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October 19, 2008
9:00 AM - 11:00 AM
Room Hall E2-Area G,
Influence of the Tube Diameter on the Endotracheal Tube Advancement with the Airtraq Laryngoscope
Akiko Yoshida, M.D., Misa Komai, M.D., Takahiro Sugiura, M.D., Takehiko Kaneko, M.D., Yoshiro Kobayashi, M.D., Ph.D.
Anesthesiology, National Tokyo Medical Center, Meguro, Tokyo, Japan

The Airtraq laryngoscope (ATQ: Prodol Ltd., Vizcaya Spain) is a novel intubation device that will possess advantages to provide a high-quality view of the glottis. However, it remains difficult for less experienced anesthesiologists to place the endotracheal tube (ETT) in the trachea even though using ATQ. The main difficulty will result from unexpected downward advancement of the ETT. In our experience, such cases were commonly encountered in using the smaller ETT. We, therefore, hypothesized that the ETT diameter would affect the direction of the ETT advancement.


Our experimental setup consisted of a regular size ATQ with a built-in video system, small target boards and two sizes of ETT (Safety clear, RUSCH): ID of 7.0 mm (ETT-7.0), 7.5 mm (ETT-7.5). Additionally, a marker pen was placed at the center of each ETT tip for the purpose of leaving the impact point of the advancing ETT tip on a target.


In advance of every trial, a blank target board was fixed perpendicularly to the optical axis of ATQ and placed at 1cm ahead of its blade tip, where the glottis was approximately located in clinical practice of ATQ. Subsequently, six trials for each ETT were randomly performed: the ETT, with its cuff deflated and lubricated, was advanced slowly trough the tube guiding channel of ATQ. After reaching a target board, the ETT was withdrawn. In all trials, video-clips recorded from the built-in camera of ATQ were stored on a PC for later analysis. Both vertical and horizontal gaps between the center of the visual field of ATQ and the trace of the ETT tip were measured using the image analysis software Image Pro-Plus (Version 5.1, Media Cybernetics, Silver Spring, MD). Statistical analysis between two groups was performed with the independent t-test using SPSS ver.12. Data are presented as mean +/-SD. P-value < 0.05 was considered significant.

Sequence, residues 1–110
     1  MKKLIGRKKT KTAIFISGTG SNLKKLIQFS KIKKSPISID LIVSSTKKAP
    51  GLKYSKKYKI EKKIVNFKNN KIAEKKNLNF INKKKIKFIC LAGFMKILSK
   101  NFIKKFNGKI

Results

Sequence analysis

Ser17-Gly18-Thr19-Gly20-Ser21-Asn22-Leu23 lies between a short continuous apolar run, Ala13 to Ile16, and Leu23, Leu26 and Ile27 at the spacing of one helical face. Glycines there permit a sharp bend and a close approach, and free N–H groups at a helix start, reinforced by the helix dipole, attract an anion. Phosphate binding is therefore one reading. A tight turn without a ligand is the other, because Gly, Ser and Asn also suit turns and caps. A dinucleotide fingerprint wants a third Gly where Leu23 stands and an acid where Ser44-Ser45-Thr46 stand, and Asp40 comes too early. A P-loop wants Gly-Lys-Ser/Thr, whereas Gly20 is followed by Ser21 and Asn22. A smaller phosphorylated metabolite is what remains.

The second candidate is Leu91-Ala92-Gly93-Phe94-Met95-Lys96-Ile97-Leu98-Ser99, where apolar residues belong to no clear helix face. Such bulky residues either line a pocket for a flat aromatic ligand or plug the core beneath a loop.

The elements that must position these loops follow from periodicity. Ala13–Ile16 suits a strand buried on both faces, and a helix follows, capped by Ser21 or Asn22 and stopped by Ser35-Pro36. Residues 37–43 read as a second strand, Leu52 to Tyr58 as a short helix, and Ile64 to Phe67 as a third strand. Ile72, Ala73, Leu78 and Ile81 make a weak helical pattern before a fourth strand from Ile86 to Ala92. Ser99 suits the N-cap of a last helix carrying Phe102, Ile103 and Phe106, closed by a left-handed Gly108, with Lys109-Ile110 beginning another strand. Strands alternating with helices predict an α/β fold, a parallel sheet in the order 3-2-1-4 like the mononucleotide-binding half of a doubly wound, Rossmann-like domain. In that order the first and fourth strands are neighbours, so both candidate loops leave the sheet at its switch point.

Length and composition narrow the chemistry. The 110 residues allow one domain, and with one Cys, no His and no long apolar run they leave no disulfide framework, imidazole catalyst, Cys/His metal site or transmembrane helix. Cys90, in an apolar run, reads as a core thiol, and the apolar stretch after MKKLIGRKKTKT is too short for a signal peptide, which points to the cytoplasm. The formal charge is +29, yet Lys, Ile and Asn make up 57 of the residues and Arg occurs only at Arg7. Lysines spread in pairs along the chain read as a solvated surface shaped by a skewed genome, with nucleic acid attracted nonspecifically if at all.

The downward gap in ETT-7.5 trials was significantly smaller (0.17 +/- 0.21 mm; P < 0.0001) than those in ETT-7.0 trials (3.98 +/- 0.84). As for the horizontal displacement, the left-side gap in ETT-7.0 trials was significantly smaller (2.38 +/- 0.41; P < 0.0001) than those in ETT-7.5 trials (6.37 +/- 0.30).


Most anesthesiologists have tended to believe that the ETT will advance towards the center of the visual field of ATQ. However, our results showed that the ETT would advance downward and/or left side of the visual field at least in the limited settings. These discrepancies will be reasonably associated with the physical properties of the ETT. Specifically, both the mount alignment and the advancement direction of the ETT were determined by two physical factors. The main factor was the gap between the outer diameter of the ETT and the inner size of the tube guiding channel of ATQ. The secondary was the material characteristics of the ETT, e.g., stiffness, shape, etc.


Given the lack of detailed data with a variety of ETTs, the direction of the ETT advancement will be associated with the physical properties of it, in particular its diameter. The knowledge of these relationships is very informative for beginners and will successfully ensure a rapid intubation with ATQ. Further studies investigating various ETTs in clinical settings are required to predict the advancement direction of the ETT during ATQ procedure.

Anesthesiology 2008; 109 A525